New Washington Research Council report kicks off series on manufacturing with examination of tax policy, governor’s veto.

The Washington Research Council has published the first of a series of reports on the state’s manufacturing sector. 

Rebalancing Priorities: The Case for Manufacturing Jobs, Part I” covers the role of manufacturing in Washington’s economy, and discusses Gov. Jay Inslee’s recent veto of a tax reduction for state manufacturing.

Our series on manufacturing will focus on conditions and policies that affect this important economic sector including taxation, education and job training, infrastructure, site availability, and regulatory issues.

We wrote previously about the governor’s controversial veto

The tax relief was part of the end-game negotiations to reach a budget budget deal and prevent a government shutdown.

The WRC report, which we recommend be read in its entirety, places the veto in the larger context of state tax policy, with an emphasis on manufacturing jobs.

Good tax policy should provide sufficient revenue while fostering economic success and prosperity for its citizens. This balancing act between funding government and creating a climate for job growth is a tricky one, with a plethora of interest groups weighing in on one side or the other.

It’s important for us to get this balance right. Cutting taxes for the manufacturing community helps to create new jobs in a growth climate and to protect existing jobs in a downturn. Fostering economic growth creates new tax revenue and contributes to the overall support of govern- ment services.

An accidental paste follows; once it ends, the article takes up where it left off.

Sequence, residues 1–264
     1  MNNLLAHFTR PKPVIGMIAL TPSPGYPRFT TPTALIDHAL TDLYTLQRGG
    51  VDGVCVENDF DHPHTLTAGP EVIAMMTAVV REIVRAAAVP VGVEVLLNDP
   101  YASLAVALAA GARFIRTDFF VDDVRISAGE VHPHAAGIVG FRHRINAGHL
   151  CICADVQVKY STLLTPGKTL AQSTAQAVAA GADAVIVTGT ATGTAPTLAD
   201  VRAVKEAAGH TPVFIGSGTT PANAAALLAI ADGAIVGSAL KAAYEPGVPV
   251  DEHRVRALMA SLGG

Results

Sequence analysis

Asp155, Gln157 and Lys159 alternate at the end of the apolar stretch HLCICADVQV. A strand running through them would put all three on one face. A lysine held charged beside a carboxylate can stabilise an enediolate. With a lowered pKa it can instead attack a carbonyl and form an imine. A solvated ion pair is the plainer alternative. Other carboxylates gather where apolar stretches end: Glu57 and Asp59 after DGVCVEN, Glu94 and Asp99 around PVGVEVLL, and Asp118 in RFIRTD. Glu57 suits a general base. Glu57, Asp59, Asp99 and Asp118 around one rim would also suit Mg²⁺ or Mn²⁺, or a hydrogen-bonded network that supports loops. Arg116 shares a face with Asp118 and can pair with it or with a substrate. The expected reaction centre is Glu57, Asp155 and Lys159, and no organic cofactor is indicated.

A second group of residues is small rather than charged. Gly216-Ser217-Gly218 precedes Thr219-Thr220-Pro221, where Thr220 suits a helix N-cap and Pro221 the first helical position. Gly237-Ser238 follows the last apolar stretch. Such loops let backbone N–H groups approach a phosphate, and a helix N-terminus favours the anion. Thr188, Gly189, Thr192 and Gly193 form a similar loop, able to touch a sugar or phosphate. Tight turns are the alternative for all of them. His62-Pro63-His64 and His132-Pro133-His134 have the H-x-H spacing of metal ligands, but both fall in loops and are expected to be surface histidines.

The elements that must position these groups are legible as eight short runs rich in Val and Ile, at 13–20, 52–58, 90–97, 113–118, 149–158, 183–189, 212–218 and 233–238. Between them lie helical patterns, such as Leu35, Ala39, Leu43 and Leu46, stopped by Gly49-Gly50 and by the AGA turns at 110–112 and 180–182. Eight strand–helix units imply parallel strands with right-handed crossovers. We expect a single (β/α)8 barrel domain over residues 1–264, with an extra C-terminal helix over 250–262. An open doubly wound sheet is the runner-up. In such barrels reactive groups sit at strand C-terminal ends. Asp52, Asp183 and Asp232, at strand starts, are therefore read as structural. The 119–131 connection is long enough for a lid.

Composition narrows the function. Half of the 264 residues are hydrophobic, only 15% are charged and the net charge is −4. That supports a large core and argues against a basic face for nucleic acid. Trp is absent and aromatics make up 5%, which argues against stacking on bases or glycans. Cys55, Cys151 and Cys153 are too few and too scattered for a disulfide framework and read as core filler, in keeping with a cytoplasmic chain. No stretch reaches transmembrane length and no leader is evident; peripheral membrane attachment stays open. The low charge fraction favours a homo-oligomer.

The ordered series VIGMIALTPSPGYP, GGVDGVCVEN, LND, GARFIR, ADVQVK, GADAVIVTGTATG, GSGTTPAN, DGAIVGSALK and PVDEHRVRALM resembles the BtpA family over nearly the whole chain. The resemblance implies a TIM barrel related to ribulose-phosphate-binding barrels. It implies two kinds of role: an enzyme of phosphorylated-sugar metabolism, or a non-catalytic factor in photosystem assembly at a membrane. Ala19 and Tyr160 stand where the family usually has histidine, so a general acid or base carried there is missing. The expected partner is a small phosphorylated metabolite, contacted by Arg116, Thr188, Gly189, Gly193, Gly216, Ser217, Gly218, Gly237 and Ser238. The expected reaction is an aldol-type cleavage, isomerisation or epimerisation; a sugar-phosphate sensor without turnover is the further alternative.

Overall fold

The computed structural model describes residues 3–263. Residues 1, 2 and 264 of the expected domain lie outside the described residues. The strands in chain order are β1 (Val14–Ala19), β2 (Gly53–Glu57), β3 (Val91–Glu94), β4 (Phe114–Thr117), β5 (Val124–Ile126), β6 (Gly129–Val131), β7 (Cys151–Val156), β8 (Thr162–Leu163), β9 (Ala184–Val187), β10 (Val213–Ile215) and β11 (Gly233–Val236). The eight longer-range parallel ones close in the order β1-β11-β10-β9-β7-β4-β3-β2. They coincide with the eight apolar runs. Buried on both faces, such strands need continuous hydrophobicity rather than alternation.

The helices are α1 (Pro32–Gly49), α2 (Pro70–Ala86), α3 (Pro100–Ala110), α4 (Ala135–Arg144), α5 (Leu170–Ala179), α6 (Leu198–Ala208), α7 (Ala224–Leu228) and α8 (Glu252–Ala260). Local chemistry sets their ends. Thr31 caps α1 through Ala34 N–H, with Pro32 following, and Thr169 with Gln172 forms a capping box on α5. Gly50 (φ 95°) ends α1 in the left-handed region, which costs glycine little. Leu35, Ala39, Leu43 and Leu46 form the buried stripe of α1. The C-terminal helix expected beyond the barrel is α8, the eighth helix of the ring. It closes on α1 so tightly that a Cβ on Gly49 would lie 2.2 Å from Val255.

Looking ahead, the WRC cites reasons for optimism.

Media accounts report Gov. Inslee’s willingness to look at a similar proposal in the future if it was presented in such a manner. Indeed, it’s unfortunate the Senate bill seeking to aid manufacturing did not receive more attention from the executive and legislative branches earlier in the long legislative session. Instead, SSB 5977 surfaced in the fast-moving, dead- line-driven endgame of the protracted 2017–19 budget negotiations. We agree with the governor that a deliberative, transparent process is best for changes in tax policy. This potential boost for manufacturing is well worth a thoughtful reconsideration.

Again, we recommend reading the full report and look forward to Part II. Also, we note that Jason Mercier of the Washington Policy Center has released some of the emails received by Gov. Inslee as he considered the veto.

Among those encouraging the governor to grant the tax relief:

  • Kris Johnson, President & CEO, Association of Washington Business: “As you know, the economy is growing fast in the Seattle area but much of the rest of the state continues to struggle with high unemployment. Lowering the B&O tax rate for general manufacturers will benefit small- and medium-sized manufacturers and help Washington’s rural economy. It will also help Washington manufacturers compete in a global market. As both the state chamber of commerce and the state manufacturing association, AWB understands the competitive challenges facing our members. Washington is a high-cost state for employers with businesses paying 58 percent of all state and local taxes. Providing a measure of relief for some manufacturers ensures that all manufacturers pay the same rate. Manufacturing jobs are worth supporting.”

That’s our segue to note that AWB has placed a special emphasis this year on encouraging manufacturing employment and encouraging rural economic development. Those interested in supporting these efforts should check out the Rural Jobs Summit (October 23-24) and Manufacturing Summit (October 5).